'Take advantage of this': Psychiatrist says warm weather can help ease depression, anxiety

If you’re feeling emotionally drained after quarantine or if the cold months make you feel fatigued and moody, the warm weather can help put a spring in your step.

Kaiser Permanente psychiatrist Dr. Humaira Siddiqi says the pandemic has pushed people to seek mental health care, calling it “an absolute surge”. She told ABC7 reporter Victoria Sanchez that professional help combined with the warm weather can ease depression and anxiety.

Along with the sun shining and birds chirping, there’s a COVID-19 vaccine. Things are looking up after hunkering down.

“Take advantage of this,” said Dr. Siddiqi during a Zoom interview.

There are a few reasons the spring and summer seasons can help. After a year indoors because of the pandemic, social distancing translated into emotional distancing and isolation for many people. That could be combined with seasonal affective disorder, when the cold months make you feel fatigued and moody.

“I always say, ‘Start small.’ Start by opening up the windows of your home, ventilate your living space. Get that fresh air in and refresh the air that has been circulating all through the winter months. You also want to spend time outdoors. Start with a walk, just by yourself. If you feel that you want to talk, talk from a distance,” said Dr. Siddiqi.

Think of your skin like solar panels and your body like a house getting energy from the sun. However, the emotional change isn’t like flipping a switch.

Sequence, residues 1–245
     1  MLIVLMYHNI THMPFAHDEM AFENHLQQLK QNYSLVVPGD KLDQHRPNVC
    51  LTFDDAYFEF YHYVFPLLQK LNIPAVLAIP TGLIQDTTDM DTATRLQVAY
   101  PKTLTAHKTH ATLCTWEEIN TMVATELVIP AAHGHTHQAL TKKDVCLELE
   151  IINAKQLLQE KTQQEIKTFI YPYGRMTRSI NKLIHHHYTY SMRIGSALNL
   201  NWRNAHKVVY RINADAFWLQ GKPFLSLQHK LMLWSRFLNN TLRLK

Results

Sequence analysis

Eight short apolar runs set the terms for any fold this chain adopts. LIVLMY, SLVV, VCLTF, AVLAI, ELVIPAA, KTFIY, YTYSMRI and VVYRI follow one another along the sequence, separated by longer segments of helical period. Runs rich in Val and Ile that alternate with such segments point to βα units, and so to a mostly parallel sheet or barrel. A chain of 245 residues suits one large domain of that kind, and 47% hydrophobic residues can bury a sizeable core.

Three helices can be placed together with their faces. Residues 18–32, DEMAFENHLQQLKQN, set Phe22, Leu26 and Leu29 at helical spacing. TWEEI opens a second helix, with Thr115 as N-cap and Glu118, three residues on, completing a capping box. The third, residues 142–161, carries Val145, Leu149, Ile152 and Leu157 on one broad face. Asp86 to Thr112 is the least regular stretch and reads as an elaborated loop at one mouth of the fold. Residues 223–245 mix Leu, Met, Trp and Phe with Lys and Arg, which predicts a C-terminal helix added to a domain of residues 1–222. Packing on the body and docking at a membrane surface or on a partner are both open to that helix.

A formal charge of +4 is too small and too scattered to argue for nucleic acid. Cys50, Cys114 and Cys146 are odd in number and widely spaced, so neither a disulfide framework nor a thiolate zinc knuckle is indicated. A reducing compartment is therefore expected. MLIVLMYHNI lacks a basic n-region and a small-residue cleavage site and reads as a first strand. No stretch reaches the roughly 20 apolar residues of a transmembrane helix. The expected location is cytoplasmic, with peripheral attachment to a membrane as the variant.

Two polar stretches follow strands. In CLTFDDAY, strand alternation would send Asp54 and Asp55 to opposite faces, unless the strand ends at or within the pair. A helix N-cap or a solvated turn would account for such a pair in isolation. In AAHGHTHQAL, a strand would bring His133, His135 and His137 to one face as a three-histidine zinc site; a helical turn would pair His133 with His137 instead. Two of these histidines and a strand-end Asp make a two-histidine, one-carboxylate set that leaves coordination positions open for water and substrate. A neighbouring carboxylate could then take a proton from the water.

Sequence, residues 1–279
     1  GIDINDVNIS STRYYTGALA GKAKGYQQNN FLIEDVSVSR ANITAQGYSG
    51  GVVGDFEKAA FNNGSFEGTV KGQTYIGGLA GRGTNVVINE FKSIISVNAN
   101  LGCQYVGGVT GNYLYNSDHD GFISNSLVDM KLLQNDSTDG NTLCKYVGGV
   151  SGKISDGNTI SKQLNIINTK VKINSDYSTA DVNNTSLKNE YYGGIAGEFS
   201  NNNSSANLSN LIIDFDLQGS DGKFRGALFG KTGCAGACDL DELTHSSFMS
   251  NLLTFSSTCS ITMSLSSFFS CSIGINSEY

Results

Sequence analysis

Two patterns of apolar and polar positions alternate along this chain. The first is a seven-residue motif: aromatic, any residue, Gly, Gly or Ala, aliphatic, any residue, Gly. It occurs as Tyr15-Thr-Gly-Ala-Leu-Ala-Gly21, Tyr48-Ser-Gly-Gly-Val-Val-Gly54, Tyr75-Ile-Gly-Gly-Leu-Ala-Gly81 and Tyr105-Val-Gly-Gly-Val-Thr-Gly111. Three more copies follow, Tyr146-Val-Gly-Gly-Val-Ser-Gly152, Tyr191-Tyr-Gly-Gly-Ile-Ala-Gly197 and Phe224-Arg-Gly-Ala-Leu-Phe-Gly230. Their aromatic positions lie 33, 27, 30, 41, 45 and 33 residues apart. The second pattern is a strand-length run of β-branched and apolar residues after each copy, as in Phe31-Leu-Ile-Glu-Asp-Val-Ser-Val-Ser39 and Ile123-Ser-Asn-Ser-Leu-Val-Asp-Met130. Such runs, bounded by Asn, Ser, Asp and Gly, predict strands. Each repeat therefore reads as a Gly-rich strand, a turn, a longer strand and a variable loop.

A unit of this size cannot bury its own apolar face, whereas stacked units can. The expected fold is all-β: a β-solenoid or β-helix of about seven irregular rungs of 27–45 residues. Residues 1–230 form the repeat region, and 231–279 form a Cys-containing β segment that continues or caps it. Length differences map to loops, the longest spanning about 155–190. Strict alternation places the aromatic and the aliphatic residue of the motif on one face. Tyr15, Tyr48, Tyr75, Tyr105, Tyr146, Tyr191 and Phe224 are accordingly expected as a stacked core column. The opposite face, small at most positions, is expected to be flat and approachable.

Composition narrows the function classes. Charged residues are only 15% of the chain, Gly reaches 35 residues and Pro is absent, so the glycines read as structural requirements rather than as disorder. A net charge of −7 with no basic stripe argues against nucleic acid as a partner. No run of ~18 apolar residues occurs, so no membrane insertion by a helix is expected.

“Because guess what? Everyone else is feeling the same way too and that beautiful effect is called normalization. We have to normalize negative emotions. They’re not things to be afraid of, they’re not signs of weakness, they’re not character flaws, they’re also not biological flaws either. It’s just, when life impacts us in a way that we’re just not prepared for, it’s a beautiful opportunity to recognize that stress response, that emotional pain and say, ‘How do I fortify this? How do I make myself stronger?’” Dr. Siddiqi explained.

She says the pandemic game people time to take an “emotional inventory” to recognize what works in life and what doesn’t.

“Don’t stop. Now that things will start to normalize, this is a beautiful opportunity for you to reflect and keep that momentum going, keeping your mental health top game,” she said.

A “beautiful opportunity” with beautiful weather is the light at the end of a long year we’ve all been waiting for.


Originally published on WJLA.

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